The Ohio May Primary opened with a glitch: the ballots wouldn’t scan. It became a problem that made Twitter and local news segments, but wasn’t the only interesting or exciting thing that happened that day.
As serious as voting is, it is also a day to celebrate, remember, and feel accomplished.
Voting is a serious and important business. It’s how we change city and county charters, amend current regulations and legislation, and elect people who we feel will fight for our and our community’s best interests. As serious as voting is, it is also a day to celebrate, remember, and feel accomplished.
While checking IDs and providing voting ballots during the May primary, I had a chance to sing happy birthday to a voter who chose to celebrate it by casting their vote. Then there was the family who came in bursting with excitement that their child received a full-ride to the college of their dream and was voting in their first election, a huge milestone for many young adults. Then there was the almost 90-year-old woman who feared she would miss voting for the first time since she was allowed to vote and was so happy she made and received the help she needed to cast her ballot.
Why are we voting in August and November?
According to my colleague Hope Lane-Gavin, who wrote an election recap in May, “…due to the ongoing deliberations among the Ohio Redistricting Commission and the Ohio Supreme Court, district lines are still not settled for the Ohio General Assembly and thus primary contests for these races will be at a later date.”
As of May 27, a federal court ruled that Ohioans will use maps previously rejected by the Ohio Supreme court for the August and November elections.
While there are still some issues with Ohio’s congressional maps, as of May 27, a federal court ruled that Ohioans will use maps previously rejected by the Ohio Supreme court for the August and November elections. The case regarding redistricting and congressional maps is still in flux as of this writing.
As we prepare for a special election in August and general election in November, here are a few tips to help you and your fellow voters have a quick and easy election day.
- Check your registration!
Many people don’t know that their voter registration expires over time. Before the election, login to your county’s board of election’s website and make sure that the following is correct: Your name, address, and that your registration is current and valid. You can find your county’s board of election here.
- Check your voting location EVERY election.
From consolidations of polling locations to changes in precinct or district boundary lines, your voting location may not be the same as it was the last time you voted. Checking your voter location before going to the polls will save you time, gas and frustration. Also, if you end up at the wrong location, no worries. The poll worker checking you in will be able to look up your address and direct you to the correct polling location.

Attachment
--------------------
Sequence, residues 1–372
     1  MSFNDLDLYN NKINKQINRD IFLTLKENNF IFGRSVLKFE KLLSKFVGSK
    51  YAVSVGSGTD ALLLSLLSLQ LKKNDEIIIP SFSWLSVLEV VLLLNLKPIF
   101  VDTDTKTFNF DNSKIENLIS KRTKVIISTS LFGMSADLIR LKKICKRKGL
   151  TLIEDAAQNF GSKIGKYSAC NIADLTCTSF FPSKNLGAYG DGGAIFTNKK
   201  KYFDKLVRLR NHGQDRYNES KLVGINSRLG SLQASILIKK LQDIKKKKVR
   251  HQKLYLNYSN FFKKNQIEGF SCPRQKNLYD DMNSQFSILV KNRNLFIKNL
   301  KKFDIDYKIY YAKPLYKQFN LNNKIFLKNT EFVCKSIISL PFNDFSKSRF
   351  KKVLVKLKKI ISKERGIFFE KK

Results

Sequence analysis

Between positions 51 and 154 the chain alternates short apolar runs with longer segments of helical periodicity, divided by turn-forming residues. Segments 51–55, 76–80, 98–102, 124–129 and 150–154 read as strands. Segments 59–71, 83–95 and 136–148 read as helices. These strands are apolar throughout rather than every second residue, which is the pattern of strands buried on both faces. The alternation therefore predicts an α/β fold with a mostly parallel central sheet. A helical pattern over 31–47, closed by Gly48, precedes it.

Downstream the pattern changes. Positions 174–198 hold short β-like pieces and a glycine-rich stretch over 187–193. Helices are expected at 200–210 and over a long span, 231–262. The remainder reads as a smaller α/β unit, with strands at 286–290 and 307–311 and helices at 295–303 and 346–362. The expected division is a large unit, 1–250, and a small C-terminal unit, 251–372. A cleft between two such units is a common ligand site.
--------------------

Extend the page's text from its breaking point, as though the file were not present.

- Find out who’s on your ballot.
You can find a sample ballot on your county’s board of elections website. You can also learn about issues or candidates who may be on your ballot by visiting Ballotpedia, a nonprofit that considers themselves the “encyclopedia of American politics and elections,” or candidates’ websites.
- Make sure you have the right documents to vote.
While a photo ID is a great, and quick, way to complete the check-in process and receive your ballot, you can also provide alternate identification: military ID, a utility bill, or a bank statement. For a full list of acceptable and unacceptable forms of voting identification, visit https://www.ohiosos.gov/elections/voters/id-requirements/.
- Voters with disabilities have access to accommodations.
While absentee ballots are an option, all polling locations have accommodations for voters with disabilities, such as ADA polling machines and curbside options. To learn more about those accommodations you can visit https://www.ohiosos.gov/elections/voters/voters-with-disabilities/.
- Be patient with your poll workers!
Like most things in life, election day can and probably will have a few hiccups. Please be patient with poll workers as they try to ensure that all eligible voters have the chance to cast their ballots in a safe and secure manner. If they forget something or having difficulties with a certain procedure, charge it to their head and not their heart.
- Check your registration!
Don’t forget to vote on August 2!
Don’t forget to vote on August 2! In May, nearly 1.7 million of the almost 8 million registered voters in the state voted. Let’s get that number up. Share voting resources with everyone, your friends, family, neighbors, even your favorite barista at your local coffee shop.